Mix it up and be innovative—your employees will love it
In this article I have tried to provide three alternatives to the process of read-and-understand training that are not only more accepted by employees but also are more effective for retention. Although each of the alternatives—Sound Bytes, Training Shots, and Memory Joggers—share common themes in that they represent in-the-moment training and are short, sharp, and easy to do, they can be linked to more subtle and subliminal messages. For example, keeping Sound Bytes and Memory Joggers as factual statements, employees recognize these will provide information at no cost to them. They are forms of education that could be running on a banner across a web page or in a loop on a TV screen, such as we did in our office.
Training Shots become recognized as an (attractive) alternative to gain recognition for refresher training that does not involve the repetitious reading of the same document. The latter can be ineffective and lead to noncompliance when employees assume that because they have already read a policy or procedure once, they do not need to repeat the exercise, which may cause them to miss important updates to the policy or procedure. Updates can, for example, be in the form of a Training Shot that provides the appropriate focus on the changed element of the policy or procedure.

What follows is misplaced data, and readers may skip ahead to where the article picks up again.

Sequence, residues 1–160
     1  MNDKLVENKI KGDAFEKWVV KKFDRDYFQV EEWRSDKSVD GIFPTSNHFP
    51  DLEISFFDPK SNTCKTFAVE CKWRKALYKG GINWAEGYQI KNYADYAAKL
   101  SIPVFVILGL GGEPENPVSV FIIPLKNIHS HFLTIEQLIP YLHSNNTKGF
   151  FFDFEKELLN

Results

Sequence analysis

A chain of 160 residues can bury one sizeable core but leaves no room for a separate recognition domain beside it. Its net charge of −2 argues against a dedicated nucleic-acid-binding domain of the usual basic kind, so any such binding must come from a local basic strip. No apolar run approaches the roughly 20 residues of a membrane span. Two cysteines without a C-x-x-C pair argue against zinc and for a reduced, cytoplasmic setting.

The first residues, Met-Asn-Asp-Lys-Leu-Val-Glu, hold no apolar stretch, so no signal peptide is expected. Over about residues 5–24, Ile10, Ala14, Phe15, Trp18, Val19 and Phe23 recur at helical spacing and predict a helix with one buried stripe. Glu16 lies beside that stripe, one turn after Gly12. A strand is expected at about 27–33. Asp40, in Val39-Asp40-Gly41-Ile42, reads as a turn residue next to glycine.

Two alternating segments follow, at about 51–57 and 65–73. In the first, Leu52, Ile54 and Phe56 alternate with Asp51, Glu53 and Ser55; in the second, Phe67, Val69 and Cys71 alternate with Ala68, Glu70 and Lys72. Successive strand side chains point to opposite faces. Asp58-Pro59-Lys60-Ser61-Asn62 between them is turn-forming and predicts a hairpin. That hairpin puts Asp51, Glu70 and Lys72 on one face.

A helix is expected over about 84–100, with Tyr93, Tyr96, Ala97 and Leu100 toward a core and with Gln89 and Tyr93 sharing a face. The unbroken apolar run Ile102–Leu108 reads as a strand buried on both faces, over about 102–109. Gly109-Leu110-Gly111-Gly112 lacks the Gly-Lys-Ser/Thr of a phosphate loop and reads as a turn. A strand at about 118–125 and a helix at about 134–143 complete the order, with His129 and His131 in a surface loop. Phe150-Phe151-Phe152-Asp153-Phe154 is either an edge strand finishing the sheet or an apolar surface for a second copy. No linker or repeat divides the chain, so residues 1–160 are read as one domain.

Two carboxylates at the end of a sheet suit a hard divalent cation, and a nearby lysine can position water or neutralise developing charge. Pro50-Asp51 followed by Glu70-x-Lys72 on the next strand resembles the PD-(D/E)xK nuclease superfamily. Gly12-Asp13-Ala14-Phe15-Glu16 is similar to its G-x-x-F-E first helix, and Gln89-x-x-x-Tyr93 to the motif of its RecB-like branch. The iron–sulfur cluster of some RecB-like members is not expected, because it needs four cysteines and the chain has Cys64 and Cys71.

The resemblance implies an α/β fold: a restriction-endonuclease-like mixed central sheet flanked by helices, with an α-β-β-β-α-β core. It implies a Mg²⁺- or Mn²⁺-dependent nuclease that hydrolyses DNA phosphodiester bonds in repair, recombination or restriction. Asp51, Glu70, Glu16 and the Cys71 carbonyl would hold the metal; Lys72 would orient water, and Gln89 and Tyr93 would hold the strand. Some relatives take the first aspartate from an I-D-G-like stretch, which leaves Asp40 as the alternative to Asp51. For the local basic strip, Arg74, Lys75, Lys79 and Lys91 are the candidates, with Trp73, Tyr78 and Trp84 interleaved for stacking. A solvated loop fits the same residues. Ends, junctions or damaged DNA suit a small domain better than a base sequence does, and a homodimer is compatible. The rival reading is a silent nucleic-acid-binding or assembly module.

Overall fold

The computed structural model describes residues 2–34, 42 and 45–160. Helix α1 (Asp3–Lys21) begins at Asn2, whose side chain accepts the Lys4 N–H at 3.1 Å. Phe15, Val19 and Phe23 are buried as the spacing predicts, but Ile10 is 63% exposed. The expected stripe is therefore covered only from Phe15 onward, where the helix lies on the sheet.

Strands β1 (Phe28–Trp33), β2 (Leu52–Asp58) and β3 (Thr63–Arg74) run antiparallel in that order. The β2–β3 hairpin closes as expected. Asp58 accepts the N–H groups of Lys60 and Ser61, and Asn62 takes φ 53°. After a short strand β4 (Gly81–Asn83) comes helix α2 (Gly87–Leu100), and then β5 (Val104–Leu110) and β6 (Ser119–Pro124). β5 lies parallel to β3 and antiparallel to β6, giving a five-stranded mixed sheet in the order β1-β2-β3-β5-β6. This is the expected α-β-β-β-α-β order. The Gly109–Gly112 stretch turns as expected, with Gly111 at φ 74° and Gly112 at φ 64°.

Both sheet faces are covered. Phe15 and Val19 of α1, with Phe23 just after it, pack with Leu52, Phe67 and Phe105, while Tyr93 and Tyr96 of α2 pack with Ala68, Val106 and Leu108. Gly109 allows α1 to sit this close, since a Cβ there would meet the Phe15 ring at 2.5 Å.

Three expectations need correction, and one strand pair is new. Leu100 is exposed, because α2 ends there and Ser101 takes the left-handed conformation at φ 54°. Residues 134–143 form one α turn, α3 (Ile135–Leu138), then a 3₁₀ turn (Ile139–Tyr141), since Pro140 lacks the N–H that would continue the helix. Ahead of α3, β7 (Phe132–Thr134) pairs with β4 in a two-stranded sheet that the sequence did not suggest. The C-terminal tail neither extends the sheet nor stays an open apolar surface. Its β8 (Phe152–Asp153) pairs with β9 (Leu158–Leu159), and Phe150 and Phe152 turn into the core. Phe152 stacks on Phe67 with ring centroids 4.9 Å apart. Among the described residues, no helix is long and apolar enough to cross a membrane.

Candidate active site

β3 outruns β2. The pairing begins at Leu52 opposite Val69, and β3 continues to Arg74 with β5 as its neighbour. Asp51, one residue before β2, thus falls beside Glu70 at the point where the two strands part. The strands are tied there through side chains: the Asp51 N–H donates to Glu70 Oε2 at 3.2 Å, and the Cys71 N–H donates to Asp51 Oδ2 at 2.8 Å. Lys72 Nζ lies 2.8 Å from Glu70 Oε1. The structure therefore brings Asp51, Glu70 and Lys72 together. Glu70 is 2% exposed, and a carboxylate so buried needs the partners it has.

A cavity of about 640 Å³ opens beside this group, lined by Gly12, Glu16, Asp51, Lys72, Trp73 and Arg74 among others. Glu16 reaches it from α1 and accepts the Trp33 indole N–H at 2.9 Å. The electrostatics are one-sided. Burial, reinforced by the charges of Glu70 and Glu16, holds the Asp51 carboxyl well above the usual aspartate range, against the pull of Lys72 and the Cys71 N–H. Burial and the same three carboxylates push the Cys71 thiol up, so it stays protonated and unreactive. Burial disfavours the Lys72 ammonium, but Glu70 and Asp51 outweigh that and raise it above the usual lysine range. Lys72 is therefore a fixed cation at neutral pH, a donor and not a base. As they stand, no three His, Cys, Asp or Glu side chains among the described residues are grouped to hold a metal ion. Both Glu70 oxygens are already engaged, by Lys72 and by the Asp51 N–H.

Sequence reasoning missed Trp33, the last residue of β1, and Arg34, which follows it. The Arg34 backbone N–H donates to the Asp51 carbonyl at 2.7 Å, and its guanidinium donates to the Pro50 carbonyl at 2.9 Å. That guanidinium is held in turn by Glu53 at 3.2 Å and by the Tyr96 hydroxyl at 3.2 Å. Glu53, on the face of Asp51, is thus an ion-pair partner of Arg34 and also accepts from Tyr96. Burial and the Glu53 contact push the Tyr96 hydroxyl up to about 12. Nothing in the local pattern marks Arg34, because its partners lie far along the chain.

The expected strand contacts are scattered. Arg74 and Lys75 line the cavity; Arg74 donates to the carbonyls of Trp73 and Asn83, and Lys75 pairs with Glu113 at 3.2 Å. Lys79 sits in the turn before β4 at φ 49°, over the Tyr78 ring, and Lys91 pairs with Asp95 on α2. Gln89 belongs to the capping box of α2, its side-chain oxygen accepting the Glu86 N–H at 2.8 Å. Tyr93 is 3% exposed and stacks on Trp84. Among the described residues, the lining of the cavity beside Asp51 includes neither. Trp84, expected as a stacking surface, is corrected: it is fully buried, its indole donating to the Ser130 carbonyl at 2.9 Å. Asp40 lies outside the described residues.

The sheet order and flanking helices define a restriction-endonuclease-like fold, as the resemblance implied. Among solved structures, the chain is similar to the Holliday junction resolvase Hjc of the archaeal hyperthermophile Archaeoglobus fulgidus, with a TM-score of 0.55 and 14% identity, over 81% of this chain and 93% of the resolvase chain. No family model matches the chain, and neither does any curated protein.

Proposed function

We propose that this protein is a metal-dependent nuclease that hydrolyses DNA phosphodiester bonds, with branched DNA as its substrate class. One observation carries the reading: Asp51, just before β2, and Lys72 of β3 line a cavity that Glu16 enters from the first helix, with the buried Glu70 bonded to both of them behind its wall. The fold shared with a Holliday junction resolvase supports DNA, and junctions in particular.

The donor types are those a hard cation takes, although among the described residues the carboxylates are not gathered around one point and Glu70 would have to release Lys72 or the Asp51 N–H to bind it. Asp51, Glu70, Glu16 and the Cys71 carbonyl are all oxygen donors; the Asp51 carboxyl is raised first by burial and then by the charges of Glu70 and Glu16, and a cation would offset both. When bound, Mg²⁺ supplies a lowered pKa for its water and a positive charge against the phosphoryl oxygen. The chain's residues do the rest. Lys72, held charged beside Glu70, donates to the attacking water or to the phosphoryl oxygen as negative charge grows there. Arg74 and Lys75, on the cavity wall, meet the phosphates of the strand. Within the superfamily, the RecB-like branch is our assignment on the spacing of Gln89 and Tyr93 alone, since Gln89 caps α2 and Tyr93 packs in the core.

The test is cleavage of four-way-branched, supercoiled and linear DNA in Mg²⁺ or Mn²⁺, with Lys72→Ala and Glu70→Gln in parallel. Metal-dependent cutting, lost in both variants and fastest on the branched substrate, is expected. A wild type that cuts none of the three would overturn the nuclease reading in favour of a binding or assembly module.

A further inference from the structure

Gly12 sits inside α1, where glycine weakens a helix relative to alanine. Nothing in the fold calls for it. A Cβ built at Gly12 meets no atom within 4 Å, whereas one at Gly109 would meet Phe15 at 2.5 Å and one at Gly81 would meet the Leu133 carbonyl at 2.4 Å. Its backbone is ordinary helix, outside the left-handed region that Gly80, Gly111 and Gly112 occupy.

By providing alternative modalities to training and education, your training program will be vibrant and more appealing. This in turn will lead to more effective training, and employees will realize that it adds value without the considerable time investment on their part that is demanded by other forms of training. After all, variety is the spice of life, and compliance training should be no different!